California Delays Plans to Expand Bear Hunt
By Justin McDaniel
Sacramento, CA –-(AmmoLand.com)- The California Fish and Game Commission opted to delay plans to expand the state’s black bear hunting season after the Department of Fish and Game (DFG) submitted a letter to the commission on Tuesday asking that the proposal be withdrawn.
The department had originally requested that the season be expanded in order to better manage the state’s growing black bear population, but it received more than 10,000 comments about the amended regulations and did not have time to address them all in writing, as is required by state law.
“For this reason, coupled with the importance of moving forward with the balance of the mammal hunting regulation package generally, the department recommends that the commission make no changes at this time to the existing regulations governing bear hunting in California,” said John McCamman, DFG director, in a letter to commission Executive Director John Carlson.
The commission responded by voting 5-0 to give the department more time to manage the concerns expressed by anti-hunting groups, county officials and state lawmakers. The commission directed department staff to schedule an agenda item to begin a new package for bear hunting regulations at its May 5 meeting.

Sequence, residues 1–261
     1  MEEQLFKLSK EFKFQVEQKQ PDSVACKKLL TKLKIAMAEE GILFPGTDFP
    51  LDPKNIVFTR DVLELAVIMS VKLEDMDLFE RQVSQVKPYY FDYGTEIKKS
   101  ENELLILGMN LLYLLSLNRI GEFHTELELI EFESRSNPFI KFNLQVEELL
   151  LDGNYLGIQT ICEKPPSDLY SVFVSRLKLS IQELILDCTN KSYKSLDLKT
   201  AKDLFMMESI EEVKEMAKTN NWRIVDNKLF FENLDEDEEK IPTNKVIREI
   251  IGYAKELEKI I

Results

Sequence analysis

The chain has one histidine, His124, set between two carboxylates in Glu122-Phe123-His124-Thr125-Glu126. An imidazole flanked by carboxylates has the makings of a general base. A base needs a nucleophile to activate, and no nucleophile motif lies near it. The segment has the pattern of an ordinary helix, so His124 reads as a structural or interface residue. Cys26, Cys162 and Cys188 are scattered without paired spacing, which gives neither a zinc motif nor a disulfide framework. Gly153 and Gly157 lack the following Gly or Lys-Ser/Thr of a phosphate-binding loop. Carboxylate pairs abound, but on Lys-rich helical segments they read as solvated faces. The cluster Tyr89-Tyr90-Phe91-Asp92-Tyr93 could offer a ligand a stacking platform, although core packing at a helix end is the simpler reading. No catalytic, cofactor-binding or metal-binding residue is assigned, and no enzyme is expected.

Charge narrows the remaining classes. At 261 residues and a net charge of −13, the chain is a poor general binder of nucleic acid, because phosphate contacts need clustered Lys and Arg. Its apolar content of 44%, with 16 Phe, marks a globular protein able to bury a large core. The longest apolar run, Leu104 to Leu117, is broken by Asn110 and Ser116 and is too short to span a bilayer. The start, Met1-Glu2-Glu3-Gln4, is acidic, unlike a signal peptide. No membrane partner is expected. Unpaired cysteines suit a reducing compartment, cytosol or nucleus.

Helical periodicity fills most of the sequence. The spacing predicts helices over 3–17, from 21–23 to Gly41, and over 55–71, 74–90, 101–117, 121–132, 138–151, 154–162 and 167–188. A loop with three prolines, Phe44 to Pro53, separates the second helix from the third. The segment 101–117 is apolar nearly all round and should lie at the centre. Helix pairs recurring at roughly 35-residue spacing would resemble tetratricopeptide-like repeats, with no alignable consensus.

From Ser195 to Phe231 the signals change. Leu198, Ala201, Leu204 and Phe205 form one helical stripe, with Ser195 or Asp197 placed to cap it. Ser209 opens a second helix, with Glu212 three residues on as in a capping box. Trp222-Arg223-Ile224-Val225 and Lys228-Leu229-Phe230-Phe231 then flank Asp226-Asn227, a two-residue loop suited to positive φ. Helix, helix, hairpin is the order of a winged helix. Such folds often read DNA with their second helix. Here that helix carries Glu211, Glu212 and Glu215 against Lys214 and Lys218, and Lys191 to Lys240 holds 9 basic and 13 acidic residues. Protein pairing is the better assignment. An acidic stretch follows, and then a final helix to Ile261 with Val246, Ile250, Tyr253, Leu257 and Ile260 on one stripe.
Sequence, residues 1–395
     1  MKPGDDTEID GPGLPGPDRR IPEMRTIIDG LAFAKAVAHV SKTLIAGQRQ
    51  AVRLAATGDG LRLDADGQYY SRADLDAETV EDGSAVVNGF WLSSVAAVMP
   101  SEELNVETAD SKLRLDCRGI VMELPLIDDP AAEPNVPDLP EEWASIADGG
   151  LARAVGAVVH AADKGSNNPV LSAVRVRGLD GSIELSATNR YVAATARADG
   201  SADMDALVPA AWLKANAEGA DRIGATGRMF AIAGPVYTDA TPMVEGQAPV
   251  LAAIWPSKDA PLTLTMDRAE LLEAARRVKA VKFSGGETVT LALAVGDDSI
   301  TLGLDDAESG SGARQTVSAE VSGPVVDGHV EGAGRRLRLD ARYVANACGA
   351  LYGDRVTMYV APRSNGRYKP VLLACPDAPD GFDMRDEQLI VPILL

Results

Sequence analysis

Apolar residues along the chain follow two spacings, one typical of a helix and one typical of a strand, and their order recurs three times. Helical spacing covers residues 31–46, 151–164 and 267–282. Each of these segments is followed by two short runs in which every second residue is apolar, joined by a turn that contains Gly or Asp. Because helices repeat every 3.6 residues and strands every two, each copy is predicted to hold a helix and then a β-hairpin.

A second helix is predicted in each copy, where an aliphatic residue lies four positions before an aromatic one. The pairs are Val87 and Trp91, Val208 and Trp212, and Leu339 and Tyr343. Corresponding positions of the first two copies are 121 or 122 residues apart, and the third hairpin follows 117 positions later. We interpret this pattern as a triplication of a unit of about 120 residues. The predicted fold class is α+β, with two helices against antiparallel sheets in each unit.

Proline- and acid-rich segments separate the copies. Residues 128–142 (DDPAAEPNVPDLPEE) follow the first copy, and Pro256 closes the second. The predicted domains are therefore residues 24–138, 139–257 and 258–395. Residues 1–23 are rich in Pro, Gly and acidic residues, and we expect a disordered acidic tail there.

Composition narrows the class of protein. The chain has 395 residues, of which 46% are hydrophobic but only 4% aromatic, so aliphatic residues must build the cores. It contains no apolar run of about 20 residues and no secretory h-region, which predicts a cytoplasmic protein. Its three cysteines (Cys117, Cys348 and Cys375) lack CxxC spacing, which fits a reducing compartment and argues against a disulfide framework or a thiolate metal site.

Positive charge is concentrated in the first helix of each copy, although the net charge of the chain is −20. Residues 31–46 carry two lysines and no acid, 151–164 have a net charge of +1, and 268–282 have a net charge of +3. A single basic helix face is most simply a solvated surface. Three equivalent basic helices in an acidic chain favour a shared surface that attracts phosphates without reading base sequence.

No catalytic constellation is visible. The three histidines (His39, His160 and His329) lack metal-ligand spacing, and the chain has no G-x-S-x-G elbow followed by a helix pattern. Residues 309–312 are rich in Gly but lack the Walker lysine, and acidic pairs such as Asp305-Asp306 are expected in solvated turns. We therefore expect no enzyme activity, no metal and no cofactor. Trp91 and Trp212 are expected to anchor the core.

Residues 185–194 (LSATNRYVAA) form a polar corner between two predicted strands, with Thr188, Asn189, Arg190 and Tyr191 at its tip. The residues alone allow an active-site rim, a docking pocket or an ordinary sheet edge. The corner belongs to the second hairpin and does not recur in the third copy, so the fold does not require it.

State wildlife officials had wanted to allow black bear hunting in San Luis Obispo County for the first time and expand bear hunting in Lassen and Modoc counties. According to DFG research, San Luis Obispo’s bear population stands at 1,067 and is biologically large enough sustain a hunt. Officials also wanted to remove the current season quota of 1,700 bears and allow the hunt to run until its official end in late December, as well as allow hunters to use dogs with GPS devices and tip switches—which indicate when a dog has treed a bear.
“We recommended the dropping of the 1,700 cap limit on bear harvest because bear populations have expanded, and we normally reach the 1,700 limit late in the season, just prior to the end date,” said Harry Morse, DFG public information officer.
Overall, California’s bear population has increased from approximately 10,000 bears in the 1980s to 38,000 bears today. Hunters and the dollars they have poured into wildlife management and habitat are largely responsible for that jump. For comparison, California’s human population has grown from about 24 million in 1981 to almost 37 million in 2009. More bears and more people have resulted in shrinking bear habitat and increased conflicts.
The fact that California has a healthy, growing bear population is a major reason why the 1,700-bear quota is no longer necessary. State biologists have said that removing the quota would have a negligible effect on the overall population. Cost is another factor.
According to the California Hunting Digest, when the quota is reached, “the DFG is required to send a notification letter to each bear tag holder. This has occurred only twice in the past six years. The DFG has proposed to the Fish and Game Commission that the in-season closure quota be eliminated because it provides no significant benefit to the bear population. As a result, the cost of notifying all hunters by mail is an unnecessary expense.”